Heritage DMUs on North Eastern Lines
In the 1960s Britain's rail network was contracting at an unprecedented rate, particularly in rural areas. Even where routes were not under threat of closure it was inevitable that much of the Victorian infrastructure and architecture, which provided great interest for rail enthusiasts, would be swept away in an effort to modernise Britain's railways and reduce costs.
Yorkshire-based amateur cameraman, Frank Dean, felt it was important that a visual record of these lines and structures should be made before they disappeared forever and, using his privileged position as a senior British Rail engineer, spent much of the 1960s and '70s filming rural lines in the North East of England. By then, passenger services on such lines were handled almost entirely by diesel multiple units and, in filming the numerous wayside stations, Frank Dean secured a unique record of the various 'First-Generation' DMU types in use at the time.
The first part of the programme follows the 54 mile route from Hull to Scarborough, with its numerous intermediate stations. Filmed between 1967 and 1969 from regular service trains, and from the lineside, many of the stations still retained their original architectural features, with manually-operated level crossing gates and ex-NER board signals still an everyday sight.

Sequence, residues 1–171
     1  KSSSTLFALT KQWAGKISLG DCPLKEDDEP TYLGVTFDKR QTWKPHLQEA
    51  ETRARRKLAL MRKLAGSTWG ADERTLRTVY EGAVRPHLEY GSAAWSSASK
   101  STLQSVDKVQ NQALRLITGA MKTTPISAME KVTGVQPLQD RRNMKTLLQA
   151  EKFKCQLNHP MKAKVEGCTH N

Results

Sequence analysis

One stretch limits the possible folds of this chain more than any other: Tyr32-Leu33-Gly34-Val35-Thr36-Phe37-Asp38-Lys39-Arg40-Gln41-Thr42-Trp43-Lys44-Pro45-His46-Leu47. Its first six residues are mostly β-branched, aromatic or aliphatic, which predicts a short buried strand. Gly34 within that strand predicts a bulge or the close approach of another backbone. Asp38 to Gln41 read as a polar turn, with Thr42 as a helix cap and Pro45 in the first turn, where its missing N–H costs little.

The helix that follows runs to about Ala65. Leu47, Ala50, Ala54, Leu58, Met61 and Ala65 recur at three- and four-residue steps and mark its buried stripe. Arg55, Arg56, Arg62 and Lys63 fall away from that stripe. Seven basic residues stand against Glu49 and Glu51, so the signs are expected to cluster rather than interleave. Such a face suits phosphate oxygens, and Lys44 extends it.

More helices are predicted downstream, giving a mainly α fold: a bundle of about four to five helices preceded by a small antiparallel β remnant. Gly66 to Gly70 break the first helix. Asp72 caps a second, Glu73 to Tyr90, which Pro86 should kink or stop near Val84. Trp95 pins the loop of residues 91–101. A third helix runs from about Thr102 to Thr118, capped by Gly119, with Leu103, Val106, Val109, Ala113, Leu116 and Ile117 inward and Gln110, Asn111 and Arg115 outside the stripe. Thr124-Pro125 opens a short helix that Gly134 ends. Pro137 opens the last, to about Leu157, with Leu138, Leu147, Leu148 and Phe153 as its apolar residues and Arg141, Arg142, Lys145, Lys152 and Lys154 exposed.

Following this journey, the busy junction station at Church Fenton on the Leeds-York line is shown, with a variety of first-generation DMUs at work in the early 1980s.
Finally, the ex-North Eastern Railway branch to Alston, which diverged from the Carlisle to Newcastle line at Haltwhistle, is featured. The branch first came under threat of closure in 1959 but survived a further seventeen years, finally closing in May 1976, giving it the dubious distinction of being the last branch line to close in rural North East England. Film taken in summer and winter shows the picturesque 13-mile branch in detail, including the last-day workings which attracted thousands of enthusiasts.
Produced by - CineRail
Running time - 60 Minutes